Break out the bunting and pop the champagne corks - I have survived 12 months as a full-time freelance writer!
There have been more ups than downs and a lot of candles have been burnt at both ends, but here are five lessons from the last year:
1. Branding matters
When I started work as a freelance writer, I set up a very generic website with bland branding and no clear direction. The result was a heap of purposeless low-paid work.
Once I branded myself as "the freelance writer who gets tech" the work, and the really interesting work, began rolling in. I had found my niche and a core audience that wanted to tap into my skills as a former research scientist and software developer turned writer.
Identify your skill set, find your niche and target your work to that audience.
2. Work it
One thing I've learnt from the wider freelance community: if you want to succeed, you have to work hard.
I don't mean the standard 9-5, some days were 5-9 to make deadlines, pitch for work and make ends meet. You may have to work during vacations, cancel plans and put your work first, second and third.
If you're not prepared to put in the hours, the harsh reality is that you won't succeed.
But if you do succeed, it's the best job in the world.
3. Mistakes will happen
I've made a lot of mistakes over the last year. Working solo means you will not have a boss to check your thinking or protect you from flying faeces should the proverbial hit the fan.
Most of my mistakes happened due to exhaustion and trying to juggle too much work to impossible deadlines. It's so important that you take a break.
Learn from those mistakes, make sure they don't happen again and don't beat yourself up over them. Move on.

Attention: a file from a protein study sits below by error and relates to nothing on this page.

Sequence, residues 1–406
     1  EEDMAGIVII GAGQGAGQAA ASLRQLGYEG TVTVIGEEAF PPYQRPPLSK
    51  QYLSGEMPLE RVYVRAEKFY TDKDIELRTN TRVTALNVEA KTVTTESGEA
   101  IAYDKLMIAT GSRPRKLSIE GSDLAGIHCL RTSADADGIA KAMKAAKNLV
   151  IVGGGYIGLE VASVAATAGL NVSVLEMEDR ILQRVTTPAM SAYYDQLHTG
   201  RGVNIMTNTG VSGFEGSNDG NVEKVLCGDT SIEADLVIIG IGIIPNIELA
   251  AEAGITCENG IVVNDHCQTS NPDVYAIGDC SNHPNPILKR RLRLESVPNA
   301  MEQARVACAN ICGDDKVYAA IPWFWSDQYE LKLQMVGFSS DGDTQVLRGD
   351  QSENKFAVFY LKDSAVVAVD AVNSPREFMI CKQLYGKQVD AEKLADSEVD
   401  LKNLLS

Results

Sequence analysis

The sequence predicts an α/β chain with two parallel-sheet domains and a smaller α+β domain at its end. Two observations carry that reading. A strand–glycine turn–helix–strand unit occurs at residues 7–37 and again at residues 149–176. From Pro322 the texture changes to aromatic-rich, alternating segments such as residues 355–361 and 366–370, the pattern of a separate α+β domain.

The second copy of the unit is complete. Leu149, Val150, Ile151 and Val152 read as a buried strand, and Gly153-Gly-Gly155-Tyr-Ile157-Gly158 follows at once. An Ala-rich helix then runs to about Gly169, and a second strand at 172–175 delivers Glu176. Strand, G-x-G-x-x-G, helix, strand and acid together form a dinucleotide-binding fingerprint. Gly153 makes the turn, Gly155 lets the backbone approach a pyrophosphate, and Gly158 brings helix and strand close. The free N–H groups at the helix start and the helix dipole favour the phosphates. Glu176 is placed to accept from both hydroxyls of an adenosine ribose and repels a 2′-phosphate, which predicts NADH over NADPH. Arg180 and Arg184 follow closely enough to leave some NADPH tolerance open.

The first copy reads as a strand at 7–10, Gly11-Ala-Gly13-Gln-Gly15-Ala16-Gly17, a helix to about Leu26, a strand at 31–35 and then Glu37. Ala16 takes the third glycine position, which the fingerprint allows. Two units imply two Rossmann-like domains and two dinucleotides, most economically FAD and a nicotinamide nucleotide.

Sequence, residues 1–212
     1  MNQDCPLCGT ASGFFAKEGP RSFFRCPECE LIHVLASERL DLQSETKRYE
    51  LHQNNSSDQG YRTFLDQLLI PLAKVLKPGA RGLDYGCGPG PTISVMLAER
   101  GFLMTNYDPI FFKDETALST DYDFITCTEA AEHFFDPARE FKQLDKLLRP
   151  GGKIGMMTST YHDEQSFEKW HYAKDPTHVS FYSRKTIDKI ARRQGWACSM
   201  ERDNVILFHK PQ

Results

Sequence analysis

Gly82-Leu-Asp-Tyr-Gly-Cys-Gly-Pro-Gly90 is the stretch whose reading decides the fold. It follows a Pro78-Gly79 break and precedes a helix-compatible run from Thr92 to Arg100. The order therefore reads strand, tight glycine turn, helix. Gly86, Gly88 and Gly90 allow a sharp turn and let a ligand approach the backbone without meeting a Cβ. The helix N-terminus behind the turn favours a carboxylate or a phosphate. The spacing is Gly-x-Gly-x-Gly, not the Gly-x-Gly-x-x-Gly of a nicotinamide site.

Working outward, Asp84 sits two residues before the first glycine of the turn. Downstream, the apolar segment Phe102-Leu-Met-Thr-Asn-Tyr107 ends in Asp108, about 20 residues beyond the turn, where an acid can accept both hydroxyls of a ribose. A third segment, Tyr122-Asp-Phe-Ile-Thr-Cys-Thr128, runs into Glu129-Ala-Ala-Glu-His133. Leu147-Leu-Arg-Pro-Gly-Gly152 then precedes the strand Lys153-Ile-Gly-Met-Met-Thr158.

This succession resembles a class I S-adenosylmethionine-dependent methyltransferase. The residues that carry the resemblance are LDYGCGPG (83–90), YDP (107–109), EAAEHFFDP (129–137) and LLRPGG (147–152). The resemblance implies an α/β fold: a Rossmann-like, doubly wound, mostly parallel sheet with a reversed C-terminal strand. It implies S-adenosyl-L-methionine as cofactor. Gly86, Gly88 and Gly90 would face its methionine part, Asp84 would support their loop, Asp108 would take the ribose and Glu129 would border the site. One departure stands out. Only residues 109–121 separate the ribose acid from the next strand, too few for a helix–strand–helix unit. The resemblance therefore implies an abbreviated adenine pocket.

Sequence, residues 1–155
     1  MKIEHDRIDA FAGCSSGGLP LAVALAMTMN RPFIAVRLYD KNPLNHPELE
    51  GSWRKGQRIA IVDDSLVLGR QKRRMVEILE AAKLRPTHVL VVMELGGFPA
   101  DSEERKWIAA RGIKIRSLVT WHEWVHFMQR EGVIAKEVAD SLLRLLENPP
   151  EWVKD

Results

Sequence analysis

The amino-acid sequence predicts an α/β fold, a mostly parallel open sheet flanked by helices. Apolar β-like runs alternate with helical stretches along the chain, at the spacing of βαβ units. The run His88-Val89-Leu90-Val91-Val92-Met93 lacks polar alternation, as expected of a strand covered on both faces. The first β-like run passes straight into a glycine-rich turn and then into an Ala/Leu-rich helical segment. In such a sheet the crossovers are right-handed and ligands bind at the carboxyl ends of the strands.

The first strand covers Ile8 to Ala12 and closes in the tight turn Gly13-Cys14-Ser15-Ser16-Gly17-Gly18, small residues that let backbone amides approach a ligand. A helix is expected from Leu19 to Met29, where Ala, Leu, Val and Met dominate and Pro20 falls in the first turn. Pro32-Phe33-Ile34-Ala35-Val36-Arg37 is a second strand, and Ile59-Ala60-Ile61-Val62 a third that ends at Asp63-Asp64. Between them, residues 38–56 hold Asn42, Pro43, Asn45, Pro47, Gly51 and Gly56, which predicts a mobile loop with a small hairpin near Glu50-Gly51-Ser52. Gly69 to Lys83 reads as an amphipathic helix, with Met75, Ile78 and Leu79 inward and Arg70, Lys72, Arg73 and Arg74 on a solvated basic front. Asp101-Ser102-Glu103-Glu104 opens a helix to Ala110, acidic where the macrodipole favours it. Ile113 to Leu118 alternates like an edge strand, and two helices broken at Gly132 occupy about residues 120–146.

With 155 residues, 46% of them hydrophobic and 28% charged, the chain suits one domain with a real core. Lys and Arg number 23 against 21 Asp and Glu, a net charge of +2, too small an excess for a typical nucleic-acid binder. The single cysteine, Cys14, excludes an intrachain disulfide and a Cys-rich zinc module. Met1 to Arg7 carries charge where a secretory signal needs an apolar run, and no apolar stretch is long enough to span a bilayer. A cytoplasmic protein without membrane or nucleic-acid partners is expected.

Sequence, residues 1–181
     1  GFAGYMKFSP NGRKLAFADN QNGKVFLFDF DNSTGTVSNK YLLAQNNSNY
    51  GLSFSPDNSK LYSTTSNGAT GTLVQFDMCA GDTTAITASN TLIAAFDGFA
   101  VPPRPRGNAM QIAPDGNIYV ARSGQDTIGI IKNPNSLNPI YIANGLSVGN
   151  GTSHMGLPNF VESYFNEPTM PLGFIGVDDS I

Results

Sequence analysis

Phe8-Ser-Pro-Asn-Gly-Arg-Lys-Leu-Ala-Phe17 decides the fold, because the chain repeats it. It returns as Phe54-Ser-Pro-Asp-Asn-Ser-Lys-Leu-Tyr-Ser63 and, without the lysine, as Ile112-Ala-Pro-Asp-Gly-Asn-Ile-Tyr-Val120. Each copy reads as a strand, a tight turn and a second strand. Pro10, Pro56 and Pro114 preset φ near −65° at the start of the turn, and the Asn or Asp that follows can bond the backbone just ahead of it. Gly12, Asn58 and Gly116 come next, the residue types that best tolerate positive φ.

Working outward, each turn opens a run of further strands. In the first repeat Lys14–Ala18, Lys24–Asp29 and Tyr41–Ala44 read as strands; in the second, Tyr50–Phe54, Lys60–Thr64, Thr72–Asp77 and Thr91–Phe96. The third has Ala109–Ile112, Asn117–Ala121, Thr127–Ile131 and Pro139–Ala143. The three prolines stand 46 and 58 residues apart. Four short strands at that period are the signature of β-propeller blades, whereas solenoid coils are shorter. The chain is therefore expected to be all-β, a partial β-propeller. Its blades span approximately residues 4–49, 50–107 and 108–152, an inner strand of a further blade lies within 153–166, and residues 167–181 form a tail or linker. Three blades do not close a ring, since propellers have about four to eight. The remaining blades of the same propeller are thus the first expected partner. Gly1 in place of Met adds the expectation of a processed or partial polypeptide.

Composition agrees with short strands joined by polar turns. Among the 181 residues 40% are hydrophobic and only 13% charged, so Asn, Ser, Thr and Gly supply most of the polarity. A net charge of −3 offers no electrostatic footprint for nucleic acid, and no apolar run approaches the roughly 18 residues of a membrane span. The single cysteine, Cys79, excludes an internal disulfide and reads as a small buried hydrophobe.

4. Prioritise, prioritise and prioritise
Task prioritisation takes on a whole new level as a freelance writer. You need to prioritise those clients that pay well. Toggl is a great piece of time tracking software to make sure you spend an appropriate amount of time on specific projects.
Also, prioritise your work over the administrative tasks that fill up your time. If you can afford to, outsource your accounting and other such tasks to a third party professional, for example.
5. Don't panic
The freelance writer existence is one of famine or feast. When I hit quiet periods, I used to panic but now I embrace them.
This is one of the most wonderful elements of working as a freelance writer, I can catch up on the DIY, gardening or my favourite TV box set if I have a spare hour or two. While it's important to work hard and pitch relentlessly, remember to treat yourself occasionally.
6. Always over-deliver
See what I did there?
But it's an important point. Don't treat your deadlines as targets - try to submit earlier to impress the client. Go the extra mile to get unique quotes and insight from your sources. Contact clients with ideas and pitches. Thank them for the work and send through published articles to anyone who helped you along the way.
So here's to many more years as "the freelance writer who gets tech". If you can think of any advice you would share with the fellow freelance writer community, please share in the comments below.
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I'm the freelance writer who gets tech. So, I blog on three core topics:
Science and Technology